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HU Caroline

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31 Oct 2022
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Genotypic sex shapes maternal care in the African Pygmy mouse, Mus minutoides

Effect of sex chromosomes on mammalian behaviour: a case study in pygmy mice

Recommended by and based on reviews by Marion Anne-Lise Picard, Caroline Hu and 1 anonymous reviewer

In mammals, it is well documented that sexual dimorphism and in particular sex differences in behaviour are fine-tuned by gonadal hormonal profiles. For example, in lemurs, where female social dominance is common, the level of testosterone in females is unusually high compared to that of other primate females (Petty and Drea 2015). 

Recent studies however suggest that gonadal hormones might not be the only biological factor involved in establishing sexual dimorphism, sex chromosomes might also play a role. The four core genotype (FCG) model and other similar systems allowing to decouple phenotypic and genotypic sex in mice have provided very convincing evidence of such a role (Gatewood et al. 2006; Arnold and Chen 2009; Arnold 2020a, 2020b). This however is a new field of research and the role of sex chromosomes in establishing sexually dimorphic behaviours has not been studied very much yet. Moreover, the FCG model has some limits. Sry, the male determinant gene on the mammalian Y chromosome might be involved in some sex differences in neuroanatomy, but Sry is always associated with maleness in the FCG model, and this potential role of Sry cannot be studied using this system.

Heitzmann et al. have used a natural system to approach these questions. They worked on the African Pygmy mouse, Mus minutoides, in which a modified X chromosome called X* can feminize X*Y individuals, which offers a great opportunity for elegant experiments on the effects of sex chromosomes versus hormones on behaviour. They focused on maternal care and compared pup retrieval, nest quality, and mother-pup interactions in XX, X*X and X*Y females. They found that X*Y females are significantly better at retrieving pups than other females. They are also much more aggressive towards the fathers than other females, preventing paternal care. They build nests of poorer quality but have similar interactions with pups compared to other females. Importantly, no significant differences were found between XX and X*X females for these traits, which points to an effect of the Y chromosome in explaining the differences between X*Y and other females (XX, X*X). Also, another work from the same group showed similar gonadal hormone levels in all the females (Veyrunes et al. 2022).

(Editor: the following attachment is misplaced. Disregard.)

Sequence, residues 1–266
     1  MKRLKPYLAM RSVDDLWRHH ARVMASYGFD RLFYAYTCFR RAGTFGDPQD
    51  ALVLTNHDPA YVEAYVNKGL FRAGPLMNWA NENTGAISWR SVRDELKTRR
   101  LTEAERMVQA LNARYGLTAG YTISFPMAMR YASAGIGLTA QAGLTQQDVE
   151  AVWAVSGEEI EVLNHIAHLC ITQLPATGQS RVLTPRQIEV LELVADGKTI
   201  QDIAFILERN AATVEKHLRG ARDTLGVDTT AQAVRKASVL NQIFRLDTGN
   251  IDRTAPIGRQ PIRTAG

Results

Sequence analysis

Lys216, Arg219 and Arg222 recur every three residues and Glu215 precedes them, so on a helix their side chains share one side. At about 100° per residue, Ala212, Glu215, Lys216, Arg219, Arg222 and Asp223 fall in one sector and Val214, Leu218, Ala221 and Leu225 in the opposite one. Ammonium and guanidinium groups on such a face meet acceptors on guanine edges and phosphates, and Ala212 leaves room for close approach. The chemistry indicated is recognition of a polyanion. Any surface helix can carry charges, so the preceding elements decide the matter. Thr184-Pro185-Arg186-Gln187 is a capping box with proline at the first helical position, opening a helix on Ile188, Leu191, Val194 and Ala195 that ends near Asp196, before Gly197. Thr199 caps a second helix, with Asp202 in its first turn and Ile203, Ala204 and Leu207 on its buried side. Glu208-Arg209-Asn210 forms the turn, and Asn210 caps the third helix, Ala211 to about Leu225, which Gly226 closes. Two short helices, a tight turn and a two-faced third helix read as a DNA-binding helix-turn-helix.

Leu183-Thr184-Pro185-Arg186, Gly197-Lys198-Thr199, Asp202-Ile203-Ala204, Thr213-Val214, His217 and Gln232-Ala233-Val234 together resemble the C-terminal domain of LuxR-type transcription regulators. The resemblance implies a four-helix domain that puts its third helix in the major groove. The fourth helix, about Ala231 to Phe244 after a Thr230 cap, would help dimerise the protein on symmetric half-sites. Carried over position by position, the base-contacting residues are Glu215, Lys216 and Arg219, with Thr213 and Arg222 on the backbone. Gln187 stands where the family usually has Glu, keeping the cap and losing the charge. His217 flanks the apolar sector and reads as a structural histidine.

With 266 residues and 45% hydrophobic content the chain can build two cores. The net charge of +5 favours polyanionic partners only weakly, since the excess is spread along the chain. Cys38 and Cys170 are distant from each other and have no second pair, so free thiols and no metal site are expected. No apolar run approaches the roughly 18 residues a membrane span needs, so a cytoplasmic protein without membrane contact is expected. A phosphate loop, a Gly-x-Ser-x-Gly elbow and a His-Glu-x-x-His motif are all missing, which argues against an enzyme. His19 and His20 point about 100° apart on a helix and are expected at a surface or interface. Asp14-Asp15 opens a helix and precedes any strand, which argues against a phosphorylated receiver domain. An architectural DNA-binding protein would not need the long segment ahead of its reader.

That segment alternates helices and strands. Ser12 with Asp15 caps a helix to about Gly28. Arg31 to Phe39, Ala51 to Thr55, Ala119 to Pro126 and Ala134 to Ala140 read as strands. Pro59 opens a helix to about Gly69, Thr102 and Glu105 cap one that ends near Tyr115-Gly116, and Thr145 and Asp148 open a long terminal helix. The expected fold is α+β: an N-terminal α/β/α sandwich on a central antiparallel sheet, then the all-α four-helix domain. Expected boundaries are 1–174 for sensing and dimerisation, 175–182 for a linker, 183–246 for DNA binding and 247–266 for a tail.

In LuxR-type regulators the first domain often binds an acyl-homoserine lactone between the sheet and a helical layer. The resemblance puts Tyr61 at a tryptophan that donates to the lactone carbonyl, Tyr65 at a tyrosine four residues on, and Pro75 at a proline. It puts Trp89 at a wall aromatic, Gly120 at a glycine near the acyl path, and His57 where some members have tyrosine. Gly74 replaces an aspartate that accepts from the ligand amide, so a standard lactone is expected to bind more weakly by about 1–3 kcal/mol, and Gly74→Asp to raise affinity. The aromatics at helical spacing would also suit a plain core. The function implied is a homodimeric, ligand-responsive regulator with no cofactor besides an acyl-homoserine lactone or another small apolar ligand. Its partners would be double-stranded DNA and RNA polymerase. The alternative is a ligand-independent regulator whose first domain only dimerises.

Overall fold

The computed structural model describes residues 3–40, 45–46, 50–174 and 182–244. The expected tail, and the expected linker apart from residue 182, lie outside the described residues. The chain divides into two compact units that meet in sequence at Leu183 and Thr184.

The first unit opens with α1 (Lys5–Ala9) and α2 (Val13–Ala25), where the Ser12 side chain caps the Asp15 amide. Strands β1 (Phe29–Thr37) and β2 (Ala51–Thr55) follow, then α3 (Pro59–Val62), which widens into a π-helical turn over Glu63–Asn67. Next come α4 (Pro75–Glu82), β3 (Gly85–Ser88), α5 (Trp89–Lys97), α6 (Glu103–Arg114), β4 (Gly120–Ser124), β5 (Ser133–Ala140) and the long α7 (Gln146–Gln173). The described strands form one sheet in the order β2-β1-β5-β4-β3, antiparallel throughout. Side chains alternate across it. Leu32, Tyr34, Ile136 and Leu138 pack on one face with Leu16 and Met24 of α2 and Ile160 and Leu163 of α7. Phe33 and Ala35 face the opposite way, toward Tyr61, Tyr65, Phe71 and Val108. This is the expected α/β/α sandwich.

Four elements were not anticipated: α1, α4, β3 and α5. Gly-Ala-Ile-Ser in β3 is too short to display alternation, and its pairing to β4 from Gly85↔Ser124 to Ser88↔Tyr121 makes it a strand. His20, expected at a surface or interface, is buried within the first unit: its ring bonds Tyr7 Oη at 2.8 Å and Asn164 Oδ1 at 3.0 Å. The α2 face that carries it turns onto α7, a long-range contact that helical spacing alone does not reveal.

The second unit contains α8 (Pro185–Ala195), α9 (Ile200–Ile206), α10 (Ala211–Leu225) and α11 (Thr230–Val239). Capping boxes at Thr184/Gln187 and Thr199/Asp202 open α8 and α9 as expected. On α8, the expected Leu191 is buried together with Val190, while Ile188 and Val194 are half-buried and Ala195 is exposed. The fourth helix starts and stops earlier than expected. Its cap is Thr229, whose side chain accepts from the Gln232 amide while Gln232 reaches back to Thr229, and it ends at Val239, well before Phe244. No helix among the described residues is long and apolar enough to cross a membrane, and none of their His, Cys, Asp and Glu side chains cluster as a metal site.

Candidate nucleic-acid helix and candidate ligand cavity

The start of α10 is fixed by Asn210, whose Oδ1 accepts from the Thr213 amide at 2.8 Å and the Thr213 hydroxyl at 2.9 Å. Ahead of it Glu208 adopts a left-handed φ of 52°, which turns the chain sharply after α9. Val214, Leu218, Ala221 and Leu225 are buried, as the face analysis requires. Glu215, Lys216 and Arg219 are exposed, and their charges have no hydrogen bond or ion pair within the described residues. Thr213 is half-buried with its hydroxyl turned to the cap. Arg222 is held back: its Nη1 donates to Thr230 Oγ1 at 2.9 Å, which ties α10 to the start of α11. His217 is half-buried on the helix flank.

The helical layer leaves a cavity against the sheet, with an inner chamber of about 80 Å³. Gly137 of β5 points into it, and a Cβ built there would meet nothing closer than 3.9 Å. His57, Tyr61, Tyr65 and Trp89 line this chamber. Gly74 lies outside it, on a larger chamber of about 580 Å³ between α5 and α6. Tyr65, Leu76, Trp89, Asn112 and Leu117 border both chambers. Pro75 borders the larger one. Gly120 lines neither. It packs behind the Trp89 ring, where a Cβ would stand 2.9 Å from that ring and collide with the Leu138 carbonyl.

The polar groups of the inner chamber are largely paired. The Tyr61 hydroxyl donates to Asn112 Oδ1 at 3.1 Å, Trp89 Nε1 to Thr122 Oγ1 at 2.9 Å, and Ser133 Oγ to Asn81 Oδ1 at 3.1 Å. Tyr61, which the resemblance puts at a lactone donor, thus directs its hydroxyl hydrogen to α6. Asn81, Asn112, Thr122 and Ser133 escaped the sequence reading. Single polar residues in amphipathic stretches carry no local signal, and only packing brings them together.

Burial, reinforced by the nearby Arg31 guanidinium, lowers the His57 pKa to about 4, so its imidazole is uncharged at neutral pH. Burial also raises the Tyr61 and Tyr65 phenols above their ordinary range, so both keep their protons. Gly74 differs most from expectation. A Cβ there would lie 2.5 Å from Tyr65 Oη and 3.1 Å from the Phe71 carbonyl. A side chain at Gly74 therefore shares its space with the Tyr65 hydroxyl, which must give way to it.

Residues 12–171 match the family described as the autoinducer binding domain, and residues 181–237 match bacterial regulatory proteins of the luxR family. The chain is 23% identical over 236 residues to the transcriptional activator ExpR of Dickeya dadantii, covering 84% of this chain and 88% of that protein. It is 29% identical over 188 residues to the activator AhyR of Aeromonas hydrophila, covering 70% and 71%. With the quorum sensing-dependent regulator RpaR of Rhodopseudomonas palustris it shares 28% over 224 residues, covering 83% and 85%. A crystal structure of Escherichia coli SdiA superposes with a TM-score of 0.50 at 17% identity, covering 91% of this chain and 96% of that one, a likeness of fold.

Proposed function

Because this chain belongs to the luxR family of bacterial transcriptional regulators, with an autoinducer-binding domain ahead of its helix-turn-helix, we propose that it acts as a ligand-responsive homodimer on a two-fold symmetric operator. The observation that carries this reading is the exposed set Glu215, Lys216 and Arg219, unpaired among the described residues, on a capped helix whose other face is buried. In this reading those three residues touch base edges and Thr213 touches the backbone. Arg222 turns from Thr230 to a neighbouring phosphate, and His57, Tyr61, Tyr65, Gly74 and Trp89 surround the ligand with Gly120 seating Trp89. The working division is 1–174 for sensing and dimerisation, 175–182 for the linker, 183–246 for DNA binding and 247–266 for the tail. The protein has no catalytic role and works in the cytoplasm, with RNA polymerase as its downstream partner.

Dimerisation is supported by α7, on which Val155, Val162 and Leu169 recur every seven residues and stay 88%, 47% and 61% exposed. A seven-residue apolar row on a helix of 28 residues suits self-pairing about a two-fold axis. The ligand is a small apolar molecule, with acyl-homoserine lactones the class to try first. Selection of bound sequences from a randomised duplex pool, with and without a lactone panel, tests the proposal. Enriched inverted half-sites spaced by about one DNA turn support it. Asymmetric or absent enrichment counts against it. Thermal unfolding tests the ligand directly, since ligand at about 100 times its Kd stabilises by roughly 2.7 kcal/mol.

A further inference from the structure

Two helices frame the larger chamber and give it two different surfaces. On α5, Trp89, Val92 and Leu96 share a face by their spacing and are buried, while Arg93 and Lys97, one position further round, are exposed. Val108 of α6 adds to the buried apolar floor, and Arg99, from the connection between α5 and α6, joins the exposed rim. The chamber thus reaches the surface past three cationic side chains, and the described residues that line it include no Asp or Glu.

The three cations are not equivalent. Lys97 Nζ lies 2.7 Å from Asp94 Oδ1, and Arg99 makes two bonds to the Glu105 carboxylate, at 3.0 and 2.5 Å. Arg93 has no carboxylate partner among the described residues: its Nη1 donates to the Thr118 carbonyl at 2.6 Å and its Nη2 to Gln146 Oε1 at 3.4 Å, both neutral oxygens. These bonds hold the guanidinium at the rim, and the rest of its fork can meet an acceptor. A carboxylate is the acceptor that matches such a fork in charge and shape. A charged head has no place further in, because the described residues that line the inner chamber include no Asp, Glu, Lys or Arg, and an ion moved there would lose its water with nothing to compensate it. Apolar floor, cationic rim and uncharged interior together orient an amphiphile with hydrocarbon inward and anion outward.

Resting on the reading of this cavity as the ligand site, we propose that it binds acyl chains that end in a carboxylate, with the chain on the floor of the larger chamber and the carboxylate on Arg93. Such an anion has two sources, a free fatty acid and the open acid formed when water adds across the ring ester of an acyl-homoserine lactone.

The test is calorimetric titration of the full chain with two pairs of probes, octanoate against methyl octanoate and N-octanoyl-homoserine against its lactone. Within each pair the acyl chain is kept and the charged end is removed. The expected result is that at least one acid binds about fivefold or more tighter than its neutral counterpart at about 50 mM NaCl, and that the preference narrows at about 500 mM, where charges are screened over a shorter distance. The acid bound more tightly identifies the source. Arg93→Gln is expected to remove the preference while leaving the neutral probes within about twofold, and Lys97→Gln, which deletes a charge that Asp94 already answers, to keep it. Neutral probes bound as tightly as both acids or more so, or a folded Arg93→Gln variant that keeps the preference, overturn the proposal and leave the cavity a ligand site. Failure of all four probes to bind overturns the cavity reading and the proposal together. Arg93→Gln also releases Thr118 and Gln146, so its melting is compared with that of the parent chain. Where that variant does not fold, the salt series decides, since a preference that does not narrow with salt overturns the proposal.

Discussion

Heitzmann et al. made a number of predictions based on what is known about the neuroanatomy of rodents which might explain such behaviours. Using cytology, they looked for differences in neuron numbers in the hypothalamus involved in the oxytocin, vasopressin and dopaminergic pathways in XX, X*X and X*Y females, but could not find any significant effects. However, this part of their work relied on very small sample sizes and they used virgin females instead of mothers for ethical reasons, which greatly limited the analysis. 

Interestingly, X*Y females have a higher reproductive performance than XX and X*X ones, which compensate for the cost of producing unviable YY embryos and certainly contribute to maintaining a high frequency of X* in many African pygmy mice populations (Saunders et al. 2014, 2022). X*Y females are probably solitary mothers contrary to other females, and Heitzmann et al. have uncovered a divergent female strategy in this species. Their work points out the role of sex chromosomes in establishing sex differences in behaviours. 

References

Arnold AP (2020a) Sexual differentiation of brain and other tissues: Five questions for the next 50 years. Hormones and Behavior, 120, 104691. https://doi.org/10.1016/j.yhbeh.2020.104691

Arnold AP (2020b) Four Core Genotypes and XY* mouse models: Update on impact on SABV research. Neuroscience & Biobehavioral Reviews, 119, 1–8. https://doi.org/10.1016/j.neubiorev.2020.09.021

Arnold AP, Chen X (2009) What does the “four core genotypes” mouse model tell us about sex differences in the brain and other tissues? Frontiers in Neuroendocrinology, 30, 1–9. https://doi.org/10.1016/j.yfrne.2008.11.001

Gatewood JD, Wills A, Shetty S, Xu J, Arnold AP, Burgoyne PS, Rissman EF (2006) Sex Chromosome Complement and Gonadal Sex Influence Aggressive and Parental Behaviors in Mice. Journal of Neuroscience, 26, 2335–2342. https://doi.org/10.1523/JNEUROSCI.3743-05.2006

Heitzmann LD, Challe M, Perez J, Castell L, Galibert E, Martin A, Valjent E, Veyrunes F (2022) Genotypic sex shapes maternal care in the African Pygmy mouse, Mus minutoides. bioRxiv, 2022.04.05.487174, ver. 4 peer-reviewed and recommended by Peer Community in Evolutionary Biology. https://doi.org/10.1101/2022.04.05.487174

Petty JMA, Drea CM (2015) Female rule in lemurs is ancestral and hormonally mediated. Scientific Reports, 5, 9631. https://doi.org/10.1038/srep09631

Saunders PA, Perez J, Rahmoun M, Ronce O, Crochet P-A, Veyrunes F (2014) Xy Females Do Better Than the Xx in the African Pygmy Mouse, Mus Minutoides. Evolution, 68, 2119–2127. https://doi.org/10.1111/evo.12387

Saunders PA, Perez J, Ronce O, Veyrunes F (2022) Multiple sex chromosome drivers in a mammal with three sex chromosomes. Current Biology, 32, 2001-2010.e3. https://doi.org/10.1016/j.cub.2022.03.029

Veyrunes F, Perez J, Heitzmann L, Saunders PA, Givalois L (2022) Separating the effects of sex hormones and sex chromosomes on behavior in the African pygmy mouse Mus minutoides, a species with XY female sex reversal. bioRxiv, 2022.07.11.499546. https://doi.org/10.1101/2022.07.11.499546

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HU Caroline

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